Then, after approximately five minutes, the event was over. The object was now on a different trajectory aimed away from their flights route. Capt. Charboneau exhaled. First Officer Ralph asked if he should file a report. The captain wasn't sure. Both of them feared ridicule and damage to their careers. If word got out about them seeing things, they could kiss any sort of hope for further advancement. Goodbye.


Ralph tried to make sense of it all. He wondered if they'd just witnessed a drill performed by a mysterious military aircraft. Perhaps it was something out of the American Air Force Base in Maine that was to the southeast of them and well within range. When Ralph shared his suspicion with his captain, Charboneau shrugged.


Ralf's guess was as good as any as they discussed a possible report and the excitement of what they'd seen diminished, they began to think more logically. They'd witnessed an explosion near their plane with their own eyes.


Their passengers could have been at risk from this if they didn't report it, their inaction could be considered negligent.


After much deliberation, once they were safely landed, the two submitted in-depth summaries, including drawings that detailed what they'd seen. But nothing ever came of their claims.


As far as we know, their reports were ignored. However, they weren't the only ones in the sky who saw something that night.


Ralph Lowinger was co-pilot in Pan Am Flight 160 from New York to London on October 4th, 1967, and he too reported something strange, just like Air Canada Flight 305.


The object was similarly flying out to low. Just left around the flying thing. He saw a formation of five bluish white lights to him. It resembled an airplane with a large fuselage like a B 52 or a 707 soon.


Just like the crew on the Air Canada flight, lowinger began to worry about a collision with the craft, he said to his captain, Get a load of this guy.


The captain confirmed it looked like this bizarre object was on a collision course with them. As a result, they prepared for an invasive maneuver.


Lowinger radioed down to their air traffic controller in Boston. He asked if there was anyone else in their airspace on radar.


After a hesitation, the air traffic controller said negative lowinger replied, Well, I'm looking at somebody.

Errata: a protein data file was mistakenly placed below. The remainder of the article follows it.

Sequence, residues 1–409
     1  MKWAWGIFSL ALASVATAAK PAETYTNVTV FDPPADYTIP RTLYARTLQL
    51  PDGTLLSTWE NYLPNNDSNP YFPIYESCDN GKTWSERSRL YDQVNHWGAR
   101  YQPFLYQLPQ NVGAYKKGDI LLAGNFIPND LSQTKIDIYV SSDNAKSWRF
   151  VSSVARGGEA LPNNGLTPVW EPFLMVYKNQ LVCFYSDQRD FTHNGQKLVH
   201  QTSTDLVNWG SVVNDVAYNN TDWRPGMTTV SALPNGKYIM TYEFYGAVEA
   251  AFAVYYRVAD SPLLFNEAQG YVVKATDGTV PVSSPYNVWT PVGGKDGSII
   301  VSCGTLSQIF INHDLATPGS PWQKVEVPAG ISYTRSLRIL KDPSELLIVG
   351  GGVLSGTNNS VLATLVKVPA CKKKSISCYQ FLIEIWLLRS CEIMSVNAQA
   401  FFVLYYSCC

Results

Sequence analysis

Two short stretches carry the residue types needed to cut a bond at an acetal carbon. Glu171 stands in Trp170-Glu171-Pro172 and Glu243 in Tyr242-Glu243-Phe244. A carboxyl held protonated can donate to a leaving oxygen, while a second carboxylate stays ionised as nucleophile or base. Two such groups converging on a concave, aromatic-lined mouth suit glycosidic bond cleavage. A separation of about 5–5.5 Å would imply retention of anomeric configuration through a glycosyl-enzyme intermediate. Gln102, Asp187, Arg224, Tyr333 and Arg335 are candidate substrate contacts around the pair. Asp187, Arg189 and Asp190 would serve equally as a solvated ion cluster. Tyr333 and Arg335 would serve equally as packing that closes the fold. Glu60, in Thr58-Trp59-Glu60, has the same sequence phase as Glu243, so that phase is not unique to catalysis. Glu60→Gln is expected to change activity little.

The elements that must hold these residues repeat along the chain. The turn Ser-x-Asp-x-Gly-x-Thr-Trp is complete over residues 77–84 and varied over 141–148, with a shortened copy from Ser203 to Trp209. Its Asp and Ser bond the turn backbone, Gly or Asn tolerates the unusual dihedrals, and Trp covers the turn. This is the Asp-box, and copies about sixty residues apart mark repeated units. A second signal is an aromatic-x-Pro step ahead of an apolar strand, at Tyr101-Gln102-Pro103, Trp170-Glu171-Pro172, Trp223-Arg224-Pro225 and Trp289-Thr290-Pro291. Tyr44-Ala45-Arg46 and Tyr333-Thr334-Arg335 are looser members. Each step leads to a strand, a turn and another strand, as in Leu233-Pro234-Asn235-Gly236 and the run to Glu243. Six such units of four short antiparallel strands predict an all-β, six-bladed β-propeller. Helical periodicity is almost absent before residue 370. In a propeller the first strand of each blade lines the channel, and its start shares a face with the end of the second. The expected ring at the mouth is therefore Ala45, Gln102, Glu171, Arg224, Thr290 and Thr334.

Then just like that, the object accelerated and zoomed away from them.


It vanished into the night lowinger and never forgot certain details of the incident. For one, he can recall the outline of the object perfectly, and he also remembers his all encompassing fear.


The thing was incredibly fast and bizarrely powerful. He felt that at any minute the craft could have ended his very existence.


That night, two passenger airlines had encounters with an object that was too close for comfort.


It was luck and vigilance on the part of both crews that kept their passengers safe and prevented a collision, especially when considering that the object evaded radar detection both from the planes and from air traffic control down on the ground. However, despite failing to show up on airplane radar screens, this object notably wasn't invisible to instrument detection at sea level. Coming up, we'll continue to trace eyewitness reports as we attempt to uncover what exactly happened that night. Tirelessness Carter here with a quick but special announcement, the newest Spotify original from podcast is Unlocking the Mysteries of Superstitions.


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Now back to the story at approximately seven, 19 p.m., October 4th, 1967, an unidentified object was seen streaking through the sky over the east coast of Canada. Two separate commercial airline crews witnessed the thing before it disappeared from their view. What's more, it never showed up on their radar, but there was radar at sea level that caught it.


The peninsula of Nova Scotia hangs off the east coast of Canada and angles down towards mean Chag Harbor lies at the southwestern tip. From there, one can practically see Massachusetts straight ahead on the horizon.


Up until this strange encounter, SAG Harbor was known only as a small fishing village. It was one of hundreds that line the Nova Scotia coastline and welcome fleets of trawlers traveling between the fishing grounds.


That evening, one of those fishing vessels, the M.V. Nickerson, drifted offshore. The Nickerson's crew was waiting out the night so they could make their run back into port in the morning.


When they were fresh at about 9:00 p.m., Captain Leo Mirzaei was getting annoyed with his rowdy crew. He and his first mate were trying to focus on their radar because something strange was on its scope. Captain Leo could see four solid, bright red dots holding steady on the altimeter about a mile above the water.


The first mate speculated as to what could cause the radar anomaly. He thought it might be some kind of new flare that the Navy was testing. It wasn't uncommon for them to run exercises in these waters in commercial vessels were always given a courtesy notice.